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A Conversation with Neil Melanson by Mark Hatmaker


Here is a chat I had with a good man with a good mind, Neil Melanson. If you are unfamiliar with Neil’s exemplary work he has coached at Xtreme Couture, Alliance MMA, and a HC with the Blackzilians. He is now at gym Genesis Training Academy and Coach of the Filthy Few MMA team.

-DVDs out are: Head Hunter, Catchwrestling, and Ground Marshal guard basics 

-book Mastering Triangle Chokes

-black belt under Karo Parisyan in the Hayastan Grappling System 

First things first, Brother Neil, thanks for taking the time to have this chat.

Allow me to get another thing out of the way, your book Mastering Triangle Chokes, top-notch. This is high-speed, low-drag stuff all the way. Often there is chaff to be culled through, but you have a linear approach that appeals to the pragmatic streak in me. Excellent work.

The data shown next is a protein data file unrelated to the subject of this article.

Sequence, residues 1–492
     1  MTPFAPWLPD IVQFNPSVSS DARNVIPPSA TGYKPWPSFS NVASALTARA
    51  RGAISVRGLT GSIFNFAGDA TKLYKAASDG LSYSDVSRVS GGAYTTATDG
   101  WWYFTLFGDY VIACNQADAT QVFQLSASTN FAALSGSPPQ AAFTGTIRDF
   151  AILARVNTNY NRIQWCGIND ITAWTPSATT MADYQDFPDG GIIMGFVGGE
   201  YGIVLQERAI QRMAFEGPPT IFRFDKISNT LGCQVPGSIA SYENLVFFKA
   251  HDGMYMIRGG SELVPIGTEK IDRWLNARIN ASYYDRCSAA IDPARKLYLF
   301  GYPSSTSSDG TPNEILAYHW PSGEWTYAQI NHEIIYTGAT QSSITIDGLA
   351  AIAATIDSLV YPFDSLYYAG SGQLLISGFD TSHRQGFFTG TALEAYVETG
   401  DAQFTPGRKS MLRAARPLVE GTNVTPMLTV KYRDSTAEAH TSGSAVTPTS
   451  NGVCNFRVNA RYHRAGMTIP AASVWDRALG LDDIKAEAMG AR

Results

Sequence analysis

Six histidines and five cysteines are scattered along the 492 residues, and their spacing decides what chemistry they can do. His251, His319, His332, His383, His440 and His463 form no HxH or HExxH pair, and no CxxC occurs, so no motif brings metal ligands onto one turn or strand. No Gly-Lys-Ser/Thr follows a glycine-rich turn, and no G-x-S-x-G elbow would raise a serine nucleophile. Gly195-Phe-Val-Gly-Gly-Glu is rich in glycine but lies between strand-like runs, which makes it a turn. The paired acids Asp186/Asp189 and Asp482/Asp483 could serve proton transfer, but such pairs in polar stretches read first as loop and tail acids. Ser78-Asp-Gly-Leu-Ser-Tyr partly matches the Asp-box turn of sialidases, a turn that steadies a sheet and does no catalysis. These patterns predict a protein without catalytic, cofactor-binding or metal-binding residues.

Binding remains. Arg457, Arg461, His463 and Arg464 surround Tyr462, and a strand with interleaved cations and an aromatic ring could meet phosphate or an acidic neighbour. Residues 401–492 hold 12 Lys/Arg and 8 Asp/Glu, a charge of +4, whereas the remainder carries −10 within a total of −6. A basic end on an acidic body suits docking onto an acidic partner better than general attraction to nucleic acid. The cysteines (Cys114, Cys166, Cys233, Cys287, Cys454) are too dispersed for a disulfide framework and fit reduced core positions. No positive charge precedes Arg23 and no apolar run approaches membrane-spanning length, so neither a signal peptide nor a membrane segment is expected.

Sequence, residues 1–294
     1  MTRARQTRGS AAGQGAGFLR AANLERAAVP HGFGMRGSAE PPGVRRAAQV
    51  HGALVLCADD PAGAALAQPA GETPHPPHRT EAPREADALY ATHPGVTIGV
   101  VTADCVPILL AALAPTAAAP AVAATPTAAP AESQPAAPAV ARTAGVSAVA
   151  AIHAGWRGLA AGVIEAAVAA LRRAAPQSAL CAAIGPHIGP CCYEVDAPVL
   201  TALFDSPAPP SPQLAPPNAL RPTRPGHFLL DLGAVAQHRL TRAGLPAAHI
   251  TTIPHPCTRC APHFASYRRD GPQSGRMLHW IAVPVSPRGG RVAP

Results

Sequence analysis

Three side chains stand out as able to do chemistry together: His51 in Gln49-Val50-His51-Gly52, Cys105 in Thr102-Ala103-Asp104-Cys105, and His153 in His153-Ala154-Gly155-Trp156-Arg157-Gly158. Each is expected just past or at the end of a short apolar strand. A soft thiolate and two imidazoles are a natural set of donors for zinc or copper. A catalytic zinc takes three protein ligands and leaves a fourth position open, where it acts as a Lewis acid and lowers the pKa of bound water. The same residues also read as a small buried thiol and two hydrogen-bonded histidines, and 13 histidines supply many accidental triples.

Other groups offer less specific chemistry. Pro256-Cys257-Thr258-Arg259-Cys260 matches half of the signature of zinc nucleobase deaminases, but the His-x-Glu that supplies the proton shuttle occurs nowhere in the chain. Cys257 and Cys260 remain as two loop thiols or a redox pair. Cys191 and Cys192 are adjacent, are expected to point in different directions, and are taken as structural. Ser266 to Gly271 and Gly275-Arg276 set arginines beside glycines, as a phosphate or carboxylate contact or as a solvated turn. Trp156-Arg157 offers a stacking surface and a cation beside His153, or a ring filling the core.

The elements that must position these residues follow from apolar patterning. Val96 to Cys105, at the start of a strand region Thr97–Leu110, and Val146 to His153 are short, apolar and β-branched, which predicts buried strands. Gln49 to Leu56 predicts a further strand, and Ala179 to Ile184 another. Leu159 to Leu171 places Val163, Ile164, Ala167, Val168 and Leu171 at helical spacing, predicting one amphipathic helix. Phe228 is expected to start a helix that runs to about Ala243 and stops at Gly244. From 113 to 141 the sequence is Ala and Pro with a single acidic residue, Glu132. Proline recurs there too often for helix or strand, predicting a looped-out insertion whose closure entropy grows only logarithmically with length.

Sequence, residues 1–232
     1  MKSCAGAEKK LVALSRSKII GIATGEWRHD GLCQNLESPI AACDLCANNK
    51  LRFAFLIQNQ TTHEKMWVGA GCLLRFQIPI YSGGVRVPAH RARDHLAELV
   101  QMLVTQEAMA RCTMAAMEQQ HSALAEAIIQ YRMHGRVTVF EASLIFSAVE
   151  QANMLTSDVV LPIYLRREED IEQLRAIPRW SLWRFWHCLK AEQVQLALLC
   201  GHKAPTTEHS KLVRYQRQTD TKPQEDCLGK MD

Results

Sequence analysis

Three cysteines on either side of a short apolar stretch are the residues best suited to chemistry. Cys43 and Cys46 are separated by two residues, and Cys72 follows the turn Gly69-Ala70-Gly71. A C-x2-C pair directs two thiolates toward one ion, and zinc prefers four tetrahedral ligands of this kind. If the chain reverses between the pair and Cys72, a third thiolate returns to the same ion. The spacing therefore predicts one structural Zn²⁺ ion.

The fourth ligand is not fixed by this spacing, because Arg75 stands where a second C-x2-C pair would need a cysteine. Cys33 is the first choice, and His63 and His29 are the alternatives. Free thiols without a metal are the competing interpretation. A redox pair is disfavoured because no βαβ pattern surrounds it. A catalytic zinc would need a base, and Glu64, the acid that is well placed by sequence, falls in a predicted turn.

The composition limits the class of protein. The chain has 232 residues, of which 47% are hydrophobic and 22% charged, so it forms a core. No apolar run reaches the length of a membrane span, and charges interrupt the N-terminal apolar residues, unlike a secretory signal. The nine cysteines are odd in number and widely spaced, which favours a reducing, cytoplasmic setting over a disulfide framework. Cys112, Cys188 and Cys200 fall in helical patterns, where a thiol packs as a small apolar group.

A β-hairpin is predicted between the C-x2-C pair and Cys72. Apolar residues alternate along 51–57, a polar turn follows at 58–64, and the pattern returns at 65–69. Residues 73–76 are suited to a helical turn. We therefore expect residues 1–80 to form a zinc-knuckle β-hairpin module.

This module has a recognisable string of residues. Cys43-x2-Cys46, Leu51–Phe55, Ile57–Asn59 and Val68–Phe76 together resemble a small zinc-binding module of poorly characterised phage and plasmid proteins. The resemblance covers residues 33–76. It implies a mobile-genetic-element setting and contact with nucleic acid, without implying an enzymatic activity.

Thanks a lot man.  You are a real articulate and detailed coach so that means a lot coming from you.

Your approach to grappling appeals to my expansive tastes. Often, we see tribal separation of BJJ, Catch, Sambo, Judo, what have you with “What do you mean your style is best? Why my monkey style can defeat all kung fu.” It would be comical if it weren’t so commonly encountered. Do you find that this tribal separation is a bit of a problem? If I’m off-base set me straight.